It is possible to run the uIP implementation with as little as 200 bytes of RAM, but such a configuration will provide extremely low throughput and will only allow a small number of simultaneous connections. (Source.)

  • IP stack with TCP and UDP protocols for Arduino: minimum of 128 kB external memory

  • IP over serial interface: SerialIP ~9 kB FLASH and "enough" RAM

All in all, programming with those limitations requires quite a different approach and calls for optimisation with respect to program space and code size (FLASH), runtime data (RAM), and execution speed. This answer has it fleshed out nicely.

As the question specifically asks about the mbed platform it is of course noteworthy that it includes features most relevant to IoT, namely connectivity along with encryption, authentication, and authorization. It supposedly offers hardware support of Bluetooth Low Energy and IPv6 over Low power Wireless Personal Area Network. Though these connectivity features are only available on the listed development boards with typically >= 128 kB FLASH and >= 16 kB RAM. The smaller dev boards on the other hand include systems with as small microcontrollers as the ARM Cortex-M0+ Core with 16KB Flash, 4KB RAM (i.e. not that much more than medium sized Arduinos) without dedicated connectivity.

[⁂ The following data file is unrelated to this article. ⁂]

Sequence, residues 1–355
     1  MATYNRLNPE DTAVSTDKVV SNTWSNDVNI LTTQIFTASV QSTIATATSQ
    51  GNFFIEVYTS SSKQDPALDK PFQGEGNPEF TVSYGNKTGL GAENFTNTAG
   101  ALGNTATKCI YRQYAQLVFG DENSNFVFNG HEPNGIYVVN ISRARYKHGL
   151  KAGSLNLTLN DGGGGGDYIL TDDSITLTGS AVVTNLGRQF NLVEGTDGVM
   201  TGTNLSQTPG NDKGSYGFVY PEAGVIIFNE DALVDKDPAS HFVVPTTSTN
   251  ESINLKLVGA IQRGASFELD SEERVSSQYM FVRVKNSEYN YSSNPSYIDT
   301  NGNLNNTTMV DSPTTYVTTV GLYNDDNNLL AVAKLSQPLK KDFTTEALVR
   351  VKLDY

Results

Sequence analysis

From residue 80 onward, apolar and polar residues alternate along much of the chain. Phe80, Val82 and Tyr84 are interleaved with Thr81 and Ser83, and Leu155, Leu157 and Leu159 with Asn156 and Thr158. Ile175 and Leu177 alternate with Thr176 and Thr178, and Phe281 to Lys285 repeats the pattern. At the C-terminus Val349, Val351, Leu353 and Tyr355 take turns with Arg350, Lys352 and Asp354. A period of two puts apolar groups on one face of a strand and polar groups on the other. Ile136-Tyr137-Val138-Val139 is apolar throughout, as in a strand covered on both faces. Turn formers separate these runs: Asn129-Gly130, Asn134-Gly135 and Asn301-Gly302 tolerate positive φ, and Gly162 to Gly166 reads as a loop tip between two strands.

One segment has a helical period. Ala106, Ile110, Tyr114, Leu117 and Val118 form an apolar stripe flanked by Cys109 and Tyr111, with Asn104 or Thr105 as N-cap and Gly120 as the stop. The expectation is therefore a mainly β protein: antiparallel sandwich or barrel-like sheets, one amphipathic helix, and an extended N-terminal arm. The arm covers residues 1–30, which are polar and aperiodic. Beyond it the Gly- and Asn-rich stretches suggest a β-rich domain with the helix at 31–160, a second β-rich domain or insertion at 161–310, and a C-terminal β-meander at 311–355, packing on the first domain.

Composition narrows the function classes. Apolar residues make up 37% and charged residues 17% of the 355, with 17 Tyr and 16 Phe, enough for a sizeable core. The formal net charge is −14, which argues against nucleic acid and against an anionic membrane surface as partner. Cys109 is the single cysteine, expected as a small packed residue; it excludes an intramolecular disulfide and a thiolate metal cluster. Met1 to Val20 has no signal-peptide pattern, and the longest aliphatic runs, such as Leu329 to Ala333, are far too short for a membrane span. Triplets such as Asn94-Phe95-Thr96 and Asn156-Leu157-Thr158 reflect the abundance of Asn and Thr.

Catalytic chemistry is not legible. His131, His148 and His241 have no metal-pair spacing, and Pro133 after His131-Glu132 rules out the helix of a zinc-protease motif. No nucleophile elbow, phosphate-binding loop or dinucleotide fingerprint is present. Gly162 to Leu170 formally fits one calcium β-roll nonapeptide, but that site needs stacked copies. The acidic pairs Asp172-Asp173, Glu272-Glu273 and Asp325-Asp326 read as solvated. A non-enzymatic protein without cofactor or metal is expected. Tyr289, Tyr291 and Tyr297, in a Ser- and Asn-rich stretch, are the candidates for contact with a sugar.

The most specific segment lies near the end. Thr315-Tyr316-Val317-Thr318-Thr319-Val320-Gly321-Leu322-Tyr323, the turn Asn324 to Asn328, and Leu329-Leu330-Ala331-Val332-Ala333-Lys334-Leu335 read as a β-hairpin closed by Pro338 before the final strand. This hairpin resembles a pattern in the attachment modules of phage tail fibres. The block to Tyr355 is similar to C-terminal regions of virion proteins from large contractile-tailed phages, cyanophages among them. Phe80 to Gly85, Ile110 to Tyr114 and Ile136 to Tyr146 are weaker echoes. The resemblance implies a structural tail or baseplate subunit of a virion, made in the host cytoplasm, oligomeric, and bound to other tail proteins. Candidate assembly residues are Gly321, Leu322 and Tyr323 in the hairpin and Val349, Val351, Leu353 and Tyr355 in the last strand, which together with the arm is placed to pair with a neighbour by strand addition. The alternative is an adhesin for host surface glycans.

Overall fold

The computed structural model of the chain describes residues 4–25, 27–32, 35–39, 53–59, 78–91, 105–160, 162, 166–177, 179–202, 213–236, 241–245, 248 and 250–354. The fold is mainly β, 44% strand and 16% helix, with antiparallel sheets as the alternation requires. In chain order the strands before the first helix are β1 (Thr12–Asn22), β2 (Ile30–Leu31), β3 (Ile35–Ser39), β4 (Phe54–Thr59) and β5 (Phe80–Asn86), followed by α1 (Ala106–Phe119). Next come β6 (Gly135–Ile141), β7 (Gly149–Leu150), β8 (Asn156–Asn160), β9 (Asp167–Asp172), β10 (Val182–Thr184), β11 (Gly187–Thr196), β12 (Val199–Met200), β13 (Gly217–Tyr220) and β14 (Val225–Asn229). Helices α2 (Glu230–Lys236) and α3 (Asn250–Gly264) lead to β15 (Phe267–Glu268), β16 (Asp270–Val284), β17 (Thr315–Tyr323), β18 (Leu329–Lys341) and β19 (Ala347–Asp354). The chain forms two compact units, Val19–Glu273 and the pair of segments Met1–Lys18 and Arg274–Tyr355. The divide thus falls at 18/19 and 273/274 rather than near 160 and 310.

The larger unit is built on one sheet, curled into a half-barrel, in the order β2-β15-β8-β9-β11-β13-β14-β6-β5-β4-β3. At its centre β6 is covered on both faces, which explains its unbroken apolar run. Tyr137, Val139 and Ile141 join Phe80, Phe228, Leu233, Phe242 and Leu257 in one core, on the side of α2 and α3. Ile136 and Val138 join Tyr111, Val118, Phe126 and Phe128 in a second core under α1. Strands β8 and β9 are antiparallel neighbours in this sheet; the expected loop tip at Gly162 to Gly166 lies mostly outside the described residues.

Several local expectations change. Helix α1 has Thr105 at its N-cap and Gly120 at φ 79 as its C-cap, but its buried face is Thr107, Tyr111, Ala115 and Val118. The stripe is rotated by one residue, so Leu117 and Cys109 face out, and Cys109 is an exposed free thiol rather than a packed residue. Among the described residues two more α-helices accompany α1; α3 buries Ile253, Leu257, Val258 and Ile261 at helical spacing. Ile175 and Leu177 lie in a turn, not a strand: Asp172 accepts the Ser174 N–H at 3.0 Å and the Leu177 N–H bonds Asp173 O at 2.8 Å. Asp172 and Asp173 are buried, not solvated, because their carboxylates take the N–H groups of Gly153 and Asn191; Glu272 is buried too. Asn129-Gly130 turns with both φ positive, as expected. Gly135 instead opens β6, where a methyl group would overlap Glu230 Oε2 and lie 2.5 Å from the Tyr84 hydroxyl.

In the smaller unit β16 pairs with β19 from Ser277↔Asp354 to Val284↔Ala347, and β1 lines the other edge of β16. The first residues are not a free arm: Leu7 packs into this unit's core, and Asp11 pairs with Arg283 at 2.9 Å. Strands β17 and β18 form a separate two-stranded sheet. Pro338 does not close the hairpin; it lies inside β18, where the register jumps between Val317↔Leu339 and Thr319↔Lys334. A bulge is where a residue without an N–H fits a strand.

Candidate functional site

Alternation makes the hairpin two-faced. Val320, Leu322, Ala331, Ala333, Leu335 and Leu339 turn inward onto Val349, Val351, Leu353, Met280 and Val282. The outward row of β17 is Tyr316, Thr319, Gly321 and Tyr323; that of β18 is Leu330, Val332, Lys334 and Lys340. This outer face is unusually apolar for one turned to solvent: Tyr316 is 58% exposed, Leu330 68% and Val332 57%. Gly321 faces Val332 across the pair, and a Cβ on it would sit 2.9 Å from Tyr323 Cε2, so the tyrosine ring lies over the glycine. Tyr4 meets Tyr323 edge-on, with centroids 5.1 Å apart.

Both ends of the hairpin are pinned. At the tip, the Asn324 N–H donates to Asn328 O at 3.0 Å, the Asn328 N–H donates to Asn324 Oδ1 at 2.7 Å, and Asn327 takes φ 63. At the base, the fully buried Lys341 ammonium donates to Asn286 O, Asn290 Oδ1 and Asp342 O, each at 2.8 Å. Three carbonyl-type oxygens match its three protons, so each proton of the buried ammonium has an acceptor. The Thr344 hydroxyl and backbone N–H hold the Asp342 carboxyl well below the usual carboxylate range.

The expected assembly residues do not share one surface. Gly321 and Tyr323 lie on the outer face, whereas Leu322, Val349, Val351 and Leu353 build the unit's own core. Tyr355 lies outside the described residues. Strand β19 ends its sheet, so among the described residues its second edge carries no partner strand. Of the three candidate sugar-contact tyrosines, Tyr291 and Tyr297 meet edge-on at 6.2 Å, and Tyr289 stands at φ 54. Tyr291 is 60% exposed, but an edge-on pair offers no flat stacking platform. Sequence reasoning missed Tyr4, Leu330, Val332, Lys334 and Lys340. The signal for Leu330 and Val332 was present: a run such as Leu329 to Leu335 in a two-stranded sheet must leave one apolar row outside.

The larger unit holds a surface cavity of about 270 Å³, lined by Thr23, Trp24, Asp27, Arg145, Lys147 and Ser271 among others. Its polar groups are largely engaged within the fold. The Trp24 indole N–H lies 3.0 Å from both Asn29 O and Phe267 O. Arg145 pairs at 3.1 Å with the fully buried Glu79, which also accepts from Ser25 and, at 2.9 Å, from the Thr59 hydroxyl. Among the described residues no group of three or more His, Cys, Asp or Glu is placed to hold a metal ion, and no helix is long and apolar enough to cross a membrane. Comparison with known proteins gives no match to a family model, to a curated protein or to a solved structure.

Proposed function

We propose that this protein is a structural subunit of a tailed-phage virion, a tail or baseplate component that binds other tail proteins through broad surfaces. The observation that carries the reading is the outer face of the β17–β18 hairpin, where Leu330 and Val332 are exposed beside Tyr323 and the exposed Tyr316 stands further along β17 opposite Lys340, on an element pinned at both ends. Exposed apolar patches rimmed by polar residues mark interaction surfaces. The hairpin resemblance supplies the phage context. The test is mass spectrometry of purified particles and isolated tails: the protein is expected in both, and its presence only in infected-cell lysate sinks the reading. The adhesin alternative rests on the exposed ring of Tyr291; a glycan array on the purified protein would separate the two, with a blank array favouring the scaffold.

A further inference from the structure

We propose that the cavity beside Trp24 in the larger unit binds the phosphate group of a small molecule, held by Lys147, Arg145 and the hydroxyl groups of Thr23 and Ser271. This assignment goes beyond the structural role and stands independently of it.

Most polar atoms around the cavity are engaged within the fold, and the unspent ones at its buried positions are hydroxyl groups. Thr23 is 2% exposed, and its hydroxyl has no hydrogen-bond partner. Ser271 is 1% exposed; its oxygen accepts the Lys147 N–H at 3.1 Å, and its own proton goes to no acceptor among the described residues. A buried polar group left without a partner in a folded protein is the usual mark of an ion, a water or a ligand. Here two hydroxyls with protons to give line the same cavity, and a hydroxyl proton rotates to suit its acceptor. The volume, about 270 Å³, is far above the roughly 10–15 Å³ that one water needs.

• Resource constraints was the biggest gap in my assumptions - easy to forget most people develop without these issues most of the time. Commented May 2, 2017 at 9:27

It depends on what you're trying to do.

  1. The biggest gap is that a microcontroller you mentioned (such as Arduino) does not run a multitasking operating system such as Linux. This means if your application depends on multitasking or multithreading, this may be much harder or even impossible to run on Arduino.

  2. The second gap is hardware support. For example, Raspberry Pi supports cameras, USB audio, ethernet, WiFi out of the box. None of that is supported directly by Arduino, and while you can use various shields (such as USB Host, Ethernet or WiFi), using them is not as straightforward as using networking on Raspberry Pi.